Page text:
The committee were largely frustrated by a lack of information forthcoming from various government organisations, perhaps unsurprisingly.

"Nevertheless, the documents that were found, even if they amounted to a fragment of the full story, led to the identification of nearly 4,000 human radiation experiments secretly sponsored by agencies of government.  They included: experiments with plutonium and other atomic bomb materials, the Atomic Agency Commission's program of radioisotope distribution; non-therapeutic research on children, and physically and mentally handicapped people who had been secretly taken from asylums; total body irradiation; radiation research undertaken on prisoners in American jails; human experimentation in connection with nuclear weapons testing; intentional environmental releases of radiation; and even research involving health effects on uranium miners." (p138)

Given that, who can wonder at the desire of government to keep some secrets wrapped up forever?  The West is perhaps the strongest political advocate internationally for human rights these days, but some of its own history is dark to say the least.  Governments not only want, but need to keep their secrets, yet are entirely comfortable with their own work to undermine just about everyone else's.  As Corey Taylor's rock band Stone Sour wrote:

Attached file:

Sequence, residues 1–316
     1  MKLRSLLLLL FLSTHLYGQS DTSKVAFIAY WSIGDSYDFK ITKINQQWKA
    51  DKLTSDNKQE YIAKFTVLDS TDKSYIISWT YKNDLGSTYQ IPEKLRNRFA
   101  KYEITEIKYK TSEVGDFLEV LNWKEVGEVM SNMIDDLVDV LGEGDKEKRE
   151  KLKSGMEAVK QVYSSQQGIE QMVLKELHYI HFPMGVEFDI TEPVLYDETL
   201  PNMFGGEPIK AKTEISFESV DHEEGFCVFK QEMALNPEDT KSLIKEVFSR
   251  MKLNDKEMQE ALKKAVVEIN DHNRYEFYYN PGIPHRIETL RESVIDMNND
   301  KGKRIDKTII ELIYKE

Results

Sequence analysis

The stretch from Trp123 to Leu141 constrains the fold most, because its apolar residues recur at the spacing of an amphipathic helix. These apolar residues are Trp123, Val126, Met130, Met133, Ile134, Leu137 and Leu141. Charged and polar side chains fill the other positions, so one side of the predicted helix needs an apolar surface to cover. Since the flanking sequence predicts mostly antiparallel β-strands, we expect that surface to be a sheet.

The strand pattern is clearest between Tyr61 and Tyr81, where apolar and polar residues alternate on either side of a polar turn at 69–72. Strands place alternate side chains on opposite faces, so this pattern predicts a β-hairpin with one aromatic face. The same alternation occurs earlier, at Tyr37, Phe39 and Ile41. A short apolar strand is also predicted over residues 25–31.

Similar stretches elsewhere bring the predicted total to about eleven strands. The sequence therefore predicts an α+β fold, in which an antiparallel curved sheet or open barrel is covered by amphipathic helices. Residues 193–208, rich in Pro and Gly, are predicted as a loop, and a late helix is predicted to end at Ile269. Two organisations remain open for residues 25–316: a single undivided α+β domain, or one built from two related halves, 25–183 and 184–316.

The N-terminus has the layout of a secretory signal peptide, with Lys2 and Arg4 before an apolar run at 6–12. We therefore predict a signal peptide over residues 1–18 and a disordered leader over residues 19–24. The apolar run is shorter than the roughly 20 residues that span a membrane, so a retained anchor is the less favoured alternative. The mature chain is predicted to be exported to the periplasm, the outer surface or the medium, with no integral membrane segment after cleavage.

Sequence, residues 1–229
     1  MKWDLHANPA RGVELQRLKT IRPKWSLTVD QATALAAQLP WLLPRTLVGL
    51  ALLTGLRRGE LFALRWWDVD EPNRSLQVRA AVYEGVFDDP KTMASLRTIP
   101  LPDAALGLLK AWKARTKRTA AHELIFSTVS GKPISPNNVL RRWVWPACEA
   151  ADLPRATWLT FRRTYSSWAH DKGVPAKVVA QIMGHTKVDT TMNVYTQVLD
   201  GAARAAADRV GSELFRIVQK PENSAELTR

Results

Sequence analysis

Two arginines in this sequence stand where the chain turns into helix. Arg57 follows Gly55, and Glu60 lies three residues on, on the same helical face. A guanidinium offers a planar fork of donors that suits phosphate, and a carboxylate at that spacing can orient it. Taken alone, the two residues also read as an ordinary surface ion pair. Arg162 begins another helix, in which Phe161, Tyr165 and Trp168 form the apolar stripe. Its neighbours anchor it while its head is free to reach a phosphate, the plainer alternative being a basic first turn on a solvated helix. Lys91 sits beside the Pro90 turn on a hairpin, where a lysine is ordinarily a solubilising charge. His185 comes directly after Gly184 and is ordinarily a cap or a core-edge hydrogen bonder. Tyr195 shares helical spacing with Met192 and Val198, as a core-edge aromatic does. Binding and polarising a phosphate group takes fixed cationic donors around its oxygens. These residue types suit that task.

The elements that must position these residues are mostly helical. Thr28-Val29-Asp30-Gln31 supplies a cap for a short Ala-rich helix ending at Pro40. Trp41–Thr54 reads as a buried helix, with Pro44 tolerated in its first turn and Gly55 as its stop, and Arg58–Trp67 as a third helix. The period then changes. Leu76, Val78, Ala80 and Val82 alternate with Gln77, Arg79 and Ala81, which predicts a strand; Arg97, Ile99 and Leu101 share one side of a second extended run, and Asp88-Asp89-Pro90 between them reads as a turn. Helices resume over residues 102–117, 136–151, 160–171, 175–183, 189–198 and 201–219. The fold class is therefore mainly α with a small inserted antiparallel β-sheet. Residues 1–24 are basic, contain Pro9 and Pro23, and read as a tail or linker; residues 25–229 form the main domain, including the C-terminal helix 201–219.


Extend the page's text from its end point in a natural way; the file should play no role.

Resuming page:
"Sanctimonious pretentious dastardly bastards with their thumb on the pulse,

and a finger on the trigger.


Government is another way to say better…than…you." (EMI, 2002)

When I read about the human experimentation and its decades-long cover-up, I too felt that same sense of anger.  Yet, despite the rather unpalatable truths described in this excellent book, Redfern manages to remain fairly dispassionate (or at least, that's how he comes across).  In his concluding comments, he offers some quite reasonable justifications as to why government agencies may have permanently put various vitally important files beyond public access forever.  Really, though, they do it simply because they can.


  You can order your copy through here:

For Nobody's Eyes Only

  If you live in the UK, you can obtain your copy through here:

For Nobody's Eyes Only


Book review by Andy Lloyd, 31st December 2013

Books for review can be sent to Andy Lloyd at the author/publisher's own risk.